Alphabet is combining its DeepMind and Google Brain AI research units, ending a long-running internal rivalry between the London and Silicon Valley-based groups as it tries to make up lost ground in generative AI against Microsoft and OpenAI.
The shake-up will leave Demis Hassabis, the British head of DeepMind, in charge of an expanded group that can lay claim to many of the research breakthroughs that have turned AI into the industry’s most important new technology since the arrival of the internet.
He will also take on a more direct role in developing advanced AI systems that are central to Google’s future business, after nine years working on areas of advanced research that seldom related directly to the internet company’s operations.
The move to focus Alphabet’s most advanced research more directly on AI models with a direct application to Google’s internet business follows the breakout success of OpenAI’s ChatGPT, which has presented the biggest challenge to Google’s internet search business since Microsoft mounted an unsuccessful challenge two decades ago.
Alphabet chief executive Sundar Pichai said the shake-up was designed to “ensure the bold and responsible development of general AI”, and would leave Google with “a unit that will help us build more capable systems more safely and responsibly.”
DeepMind’s biggest breakthroughs have included its AlphaGo system, which beat world Go champion Lee Sedol in 2016, and AlphaFold, a system with potentially far-reaching impacts on medicine that predicts the structure of proteins.
By contrast, Google Brain, which was founded to apply the latest advances in neural networks to Google’s business, scored early successes in areas like machine translation and learning to identify images without human supervision. Its researchers also devised a new technique for “understanding” language called transformers, which led directly to the rise of so-called large language models race and services like ChatGPT.
Jeff Dean, a veteran Google engineer who has headed Google Brain, will move to a new position as Google’s chief scientist, as well as acting as chief scientist of its merged AI research division. He will continue to report directly to Pichai rather than Hassebis, who was named chief executive of the new Google DeepMind.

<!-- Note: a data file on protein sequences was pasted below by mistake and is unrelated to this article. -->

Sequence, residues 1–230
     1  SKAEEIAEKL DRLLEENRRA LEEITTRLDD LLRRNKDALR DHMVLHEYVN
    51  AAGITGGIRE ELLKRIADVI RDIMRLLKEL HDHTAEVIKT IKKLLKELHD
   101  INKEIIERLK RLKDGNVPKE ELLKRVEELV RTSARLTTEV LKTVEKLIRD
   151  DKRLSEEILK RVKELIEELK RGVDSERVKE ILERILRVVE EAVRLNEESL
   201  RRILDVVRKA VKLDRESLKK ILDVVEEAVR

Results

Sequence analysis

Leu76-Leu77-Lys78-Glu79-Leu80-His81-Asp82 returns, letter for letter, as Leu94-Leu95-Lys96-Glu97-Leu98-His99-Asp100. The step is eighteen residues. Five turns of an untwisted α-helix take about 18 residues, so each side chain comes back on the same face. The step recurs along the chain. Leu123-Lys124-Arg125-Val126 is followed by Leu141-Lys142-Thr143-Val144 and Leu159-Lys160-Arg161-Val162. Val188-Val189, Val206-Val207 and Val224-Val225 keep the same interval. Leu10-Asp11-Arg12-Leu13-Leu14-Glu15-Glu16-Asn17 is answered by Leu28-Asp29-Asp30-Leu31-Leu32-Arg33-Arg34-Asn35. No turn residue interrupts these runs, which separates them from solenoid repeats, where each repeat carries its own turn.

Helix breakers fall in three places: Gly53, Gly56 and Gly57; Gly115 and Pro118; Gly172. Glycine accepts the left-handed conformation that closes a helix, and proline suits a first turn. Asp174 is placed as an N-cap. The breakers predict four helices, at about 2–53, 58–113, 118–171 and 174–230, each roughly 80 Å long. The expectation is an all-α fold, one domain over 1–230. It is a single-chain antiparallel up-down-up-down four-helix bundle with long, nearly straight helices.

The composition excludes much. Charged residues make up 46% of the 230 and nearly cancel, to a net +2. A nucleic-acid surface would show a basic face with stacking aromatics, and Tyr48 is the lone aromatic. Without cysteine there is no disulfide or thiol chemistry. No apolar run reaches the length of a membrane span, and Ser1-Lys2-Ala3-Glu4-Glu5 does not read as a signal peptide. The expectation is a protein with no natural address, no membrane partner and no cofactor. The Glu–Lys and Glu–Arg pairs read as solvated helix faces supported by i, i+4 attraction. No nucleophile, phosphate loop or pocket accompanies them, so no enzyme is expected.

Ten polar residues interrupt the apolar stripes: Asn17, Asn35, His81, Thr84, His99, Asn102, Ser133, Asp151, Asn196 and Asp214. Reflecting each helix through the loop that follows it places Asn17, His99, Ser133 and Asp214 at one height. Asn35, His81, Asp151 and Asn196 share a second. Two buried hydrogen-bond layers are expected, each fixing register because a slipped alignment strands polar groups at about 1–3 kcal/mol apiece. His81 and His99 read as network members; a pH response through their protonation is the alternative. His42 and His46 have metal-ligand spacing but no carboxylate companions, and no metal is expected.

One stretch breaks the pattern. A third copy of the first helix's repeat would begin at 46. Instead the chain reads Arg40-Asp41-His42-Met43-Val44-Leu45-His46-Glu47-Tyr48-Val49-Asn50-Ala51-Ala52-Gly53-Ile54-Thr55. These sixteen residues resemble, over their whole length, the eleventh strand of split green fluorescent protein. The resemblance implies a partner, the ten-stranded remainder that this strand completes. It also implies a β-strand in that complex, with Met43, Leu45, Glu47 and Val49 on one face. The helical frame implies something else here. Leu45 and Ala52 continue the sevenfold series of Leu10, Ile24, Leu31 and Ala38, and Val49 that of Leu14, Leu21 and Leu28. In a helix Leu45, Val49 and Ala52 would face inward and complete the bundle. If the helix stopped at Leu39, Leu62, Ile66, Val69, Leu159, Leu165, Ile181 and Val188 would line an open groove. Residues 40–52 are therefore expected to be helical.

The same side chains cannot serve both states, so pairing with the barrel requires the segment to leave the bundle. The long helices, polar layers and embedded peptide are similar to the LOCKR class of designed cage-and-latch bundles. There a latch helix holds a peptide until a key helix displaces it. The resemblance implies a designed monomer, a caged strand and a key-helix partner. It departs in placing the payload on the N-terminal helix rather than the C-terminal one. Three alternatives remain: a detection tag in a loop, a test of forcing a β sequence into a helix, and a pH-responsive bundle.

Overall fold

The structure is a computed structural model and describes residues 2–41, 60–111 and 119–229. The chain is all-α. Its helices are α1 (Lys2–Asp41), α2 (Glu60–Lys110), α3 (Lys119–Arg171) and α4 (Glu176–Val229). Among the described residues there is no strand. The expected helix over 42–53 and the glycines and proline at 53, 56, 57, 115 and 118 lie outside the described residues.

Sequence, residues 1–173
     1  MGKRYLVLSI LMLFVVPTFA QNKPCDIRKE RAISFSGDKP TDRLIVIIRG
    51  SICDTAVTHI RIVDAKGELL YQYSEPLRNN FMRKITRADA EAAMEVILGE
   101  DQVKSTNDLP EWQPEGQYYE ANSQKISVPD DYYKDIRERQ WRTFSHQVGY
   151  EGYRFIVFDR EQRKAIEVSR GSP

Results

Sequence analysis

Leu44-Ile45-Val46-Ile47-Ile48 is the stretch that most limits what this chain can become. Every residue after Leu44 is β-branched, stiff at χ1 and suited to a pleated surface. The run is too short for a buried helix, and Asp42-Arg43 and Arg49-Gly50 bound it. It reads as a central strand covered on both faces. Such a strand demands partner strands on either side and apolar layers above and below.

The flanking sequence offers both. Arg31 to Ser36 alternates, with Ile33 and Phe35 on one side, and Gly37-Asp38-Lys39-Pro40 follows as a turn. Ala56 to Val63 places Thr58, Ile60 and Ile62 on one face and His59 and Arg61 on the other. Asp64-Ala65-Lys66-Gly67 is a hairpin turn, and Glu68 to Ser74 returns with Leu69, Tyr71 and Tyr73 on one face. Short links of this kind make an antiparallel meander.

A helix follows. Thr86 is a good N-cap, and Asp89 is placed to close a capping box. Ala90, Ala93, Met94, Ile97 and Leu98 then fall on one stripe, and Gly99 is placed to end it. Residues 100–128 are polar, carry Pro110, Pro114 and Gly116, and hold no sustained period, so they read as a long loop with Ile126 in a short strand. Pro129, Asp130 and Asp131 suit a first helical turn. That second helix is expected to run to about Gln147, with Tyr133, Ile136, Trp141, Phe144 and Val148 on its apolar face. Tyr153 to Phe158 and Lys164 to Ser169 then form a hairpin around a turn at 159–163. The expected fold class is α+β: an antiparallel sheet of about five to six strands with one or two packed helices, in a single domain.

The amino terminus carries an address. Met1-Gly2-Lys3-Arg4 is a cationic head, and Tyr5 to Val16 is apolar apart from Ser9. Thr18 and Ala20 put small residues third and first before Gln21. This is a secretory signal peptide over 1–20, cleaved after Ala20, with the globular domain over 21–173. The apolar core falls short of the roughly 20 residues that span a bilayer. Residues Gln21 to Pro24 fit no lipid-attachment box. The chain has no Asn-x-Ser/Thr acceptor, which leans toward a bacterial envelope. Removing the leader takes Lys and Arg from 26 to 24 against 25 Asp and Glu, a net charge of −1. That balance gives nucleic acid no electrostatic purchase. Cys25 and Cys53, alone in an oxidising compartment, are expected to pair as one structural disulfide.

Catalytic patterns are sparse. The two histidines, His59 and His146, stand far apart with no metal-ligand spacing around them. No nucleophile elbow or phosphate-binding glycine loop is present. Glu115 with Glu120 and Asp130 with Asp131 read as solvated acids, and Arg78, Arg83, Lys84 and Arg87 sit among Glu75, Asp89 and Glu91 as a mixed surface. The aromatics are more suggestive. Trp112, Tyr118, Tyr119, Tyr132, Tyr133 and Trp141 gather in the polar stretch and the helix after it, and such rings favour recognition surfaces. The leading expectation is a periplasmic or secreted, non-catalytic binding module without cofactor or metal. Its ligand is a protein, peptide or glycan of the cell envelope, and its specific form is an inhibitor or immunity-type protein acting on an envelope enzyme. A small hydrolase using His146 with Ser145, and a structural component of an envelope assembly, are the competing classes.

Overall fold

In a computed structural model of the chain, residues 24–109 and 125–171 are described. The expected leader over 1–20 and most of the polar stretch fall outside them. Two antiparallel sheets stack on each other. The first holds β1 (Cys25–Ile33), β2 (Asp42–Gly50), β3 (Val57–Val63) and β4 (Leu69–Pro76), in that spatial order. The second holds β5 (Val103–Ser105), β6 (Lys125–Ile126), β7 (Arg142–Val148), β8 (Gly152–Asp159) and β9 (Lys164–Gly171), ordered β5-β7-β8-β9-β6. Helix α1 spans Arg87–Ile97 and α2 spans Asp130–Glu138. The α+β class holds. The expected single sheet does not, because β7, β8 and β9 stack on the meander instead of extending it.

The AI reorganisation completes the slow assimilation of DeepMind into Google’s operations more than nine years after the London-based research group was acquired for $500mn. DeepMind’s founders fought early on to be kept at arm’s length from Google’s other research activities, leaving them free to pursue a research agenda aimed at developing advanced general intelligence.
Google took steps to make more practical uses of DeepMind’s work several years ago, transferring its research into uses of AI in healthcare over to a Google unit and setting up a team to try to apply DeepMind’s research breakthroughs to its own business.
In a sign that Alphabet was trying to harness DeepMind’s work to speed up its wider AI efforts, while also reducing its independence as a standalone unit, Alphabet said earlier this year that it would no longer treat DeepMind as a separate business inside its “Other Bets” division. Instead, the AI unit’s costs are now being treated as general corporate expenses for Alphabet, reflecting its role in developing key technology for the wider group.